Kim Durdin: Well there was a campaign to wipe out midwifes.
Aleks Evanguelidi: It's still going.
Kim Durdin: And it worked really well.
Aleks Evanguelidi: It's still going on.
Kim Durdin: It is still going on. And we have to I would say follow the money or follow the like why why were they wiped out?
Patti Quintero: Well I think the whole rupture of the village. I mean we're going back as you're saying to ancestral communities and the families doing all of this together and supporting each other and members of the family catching the babies and whatnot and supporting each other.
Kim Durdin: Well when you said try it make me think of the indigenous midwives in this whole movement that these are really amazing Indigenous women are working on to bring, to create birth centers in Indigenous communities because guess what. They're also outlawed. If you are a Native American person an Indigenous person you have to use the Indian Health Services which is a government run program. You have to use their services. So it's like OK we have medical care but like it's this medical care that is like colonized medical care like the people don't look like me or maybe they do but they're in the system. And then it is the same health system in the same agencies that also were involved in kidnapping our children. When we listen to the indigenous midwives at MANA. They were blowing our minds. We were in their snappin like we were at a poetry night because they were off the hook. Their experiences talking about how their parents talk about imprinting how their parents will talk about.
Kim Durdin: There was a time in our community where all the kids who were 12 13 years old didn't come home from school one day. And nobody told us where any of these kids were. Well they had gotten rounded up by I believe it was Indian Health Services to do some kind of vaccination or something that their parents did not give consent for like kids rounded up taken some place and then brought back.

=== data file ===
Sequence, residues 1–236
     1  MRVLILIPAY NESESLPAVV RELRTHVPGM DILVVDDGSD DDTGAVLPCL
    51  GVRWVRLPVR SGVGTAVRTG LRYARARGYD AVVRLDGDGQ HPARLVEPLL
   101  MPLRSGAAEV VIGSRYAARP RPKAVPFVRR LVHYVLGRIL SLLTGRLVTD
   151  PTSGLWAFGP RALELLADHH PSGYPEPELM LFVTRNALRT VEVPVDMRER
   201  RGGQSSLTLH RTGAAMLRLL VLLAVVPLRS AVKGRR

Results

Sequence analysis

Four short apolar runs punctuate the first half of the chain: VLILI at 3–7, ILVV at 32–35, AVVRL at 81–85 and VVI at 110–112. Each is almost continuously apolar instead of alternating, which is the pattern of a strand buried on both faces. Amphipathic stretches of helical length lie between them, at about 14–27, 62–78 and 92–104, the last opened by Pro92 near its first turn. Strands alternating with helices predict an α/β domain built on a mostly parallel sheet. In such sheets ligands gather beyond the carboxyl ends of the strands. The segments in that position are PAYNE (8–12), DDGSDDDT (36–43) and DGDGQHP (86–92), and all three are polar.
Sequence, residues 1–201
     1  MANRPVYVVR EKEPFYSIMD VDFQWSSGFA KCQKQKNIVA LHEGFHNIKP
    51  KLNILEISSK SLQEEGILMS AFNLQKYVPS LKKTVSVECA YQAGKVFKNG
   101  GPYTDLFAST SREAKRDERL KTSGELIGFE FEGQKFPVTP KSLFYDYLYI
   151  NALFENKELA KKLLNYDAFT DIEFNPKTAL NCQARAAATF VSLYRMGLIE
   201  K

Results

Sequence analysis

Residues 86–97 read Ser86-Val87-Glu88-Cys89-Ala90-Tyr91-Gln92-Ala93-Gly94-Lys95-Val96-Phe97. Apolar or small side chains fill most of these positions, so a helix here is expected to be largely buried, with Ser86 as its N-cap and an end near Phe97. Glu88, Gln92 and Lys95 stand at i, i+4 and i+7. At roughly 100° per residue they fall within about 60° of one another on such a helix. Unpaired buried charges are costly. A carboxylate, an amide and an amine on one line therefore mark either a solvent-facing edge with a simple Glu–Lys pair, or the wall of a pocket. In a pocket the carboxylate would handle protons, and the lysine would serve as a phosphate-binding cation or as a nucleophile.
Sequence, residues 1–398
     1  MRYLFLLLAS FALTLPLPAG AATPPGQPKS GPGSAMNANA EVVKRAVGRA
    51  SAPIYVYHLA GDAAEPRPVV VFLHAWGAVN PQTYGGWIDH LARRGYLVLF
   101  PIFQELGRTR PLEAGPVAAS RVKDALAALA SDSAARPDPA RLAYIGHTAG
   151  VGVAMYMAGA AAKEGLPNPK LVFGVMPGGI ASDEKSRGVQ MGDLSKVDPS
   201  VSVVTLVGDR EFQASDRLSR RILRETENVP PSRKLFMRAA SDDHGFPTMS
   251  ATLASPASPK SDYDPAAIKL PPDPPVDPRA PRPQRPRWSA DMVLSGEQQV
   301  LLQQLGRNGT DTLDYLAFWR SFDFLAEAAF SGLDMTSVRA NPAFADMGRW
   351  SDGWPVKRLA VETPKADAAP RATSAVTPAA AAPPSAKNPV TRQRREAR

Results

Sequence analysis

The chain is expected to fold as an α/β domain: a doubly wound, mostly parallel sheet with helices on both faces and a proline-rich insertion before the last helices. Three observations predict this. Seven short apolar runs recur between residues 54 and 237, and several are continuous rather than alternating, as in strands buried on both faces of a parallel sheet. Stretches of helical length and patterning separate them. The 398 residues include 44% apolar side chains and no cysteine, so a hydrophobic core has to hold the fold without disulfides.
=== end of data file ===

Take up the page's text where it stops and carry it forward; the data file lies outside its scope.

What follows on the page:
Kim Durdin: And you know there were kidnappings. You can look at the indigenous folks in Canada where kids were kidnapped and brought to boarding schools where they were forbidden to speak their native tongue where their hair was cut. So again this is stuff that's happening in our lifetime in our parents lifetime and the Indigenous birthing practices have been pretty much wiped out. But there are these group of Indigenous midwives that are working really hard to create a birth center and they're getting funding. But the fighting that they have to go through to just bring this back because even the people in their community the leaders of their community that are also part of the system are like what'ss a birth center. Yeah you know what do you mean a midwife. It's like everybody is drinking has drank the Kool aid.
Patti Quintero: Yes. That good expression.
Kim Durdin: Honestly what I'm saying is that they can't even advocate for the well-being of their own community because they are they are in the system. People that look like them they're indigenous but they're in the system so you have to go and convince those folks the importance of why we need to bring this back.
Kim Durdin: And again I'm telling you for instance I'm telling you about the black midwives in the South and I have a deep connection with them because my family is from the South and I know that my grandfather who there's 12 or however many siblings that he had they were from the Great Dismal Swamp in North Carolina. In the dismal swamp, you better believe there is no hospital and you better believe there was no clinic. There's no birthing centers like you caught your baby, daddy caught his baby. I don't know how they did it but they did it.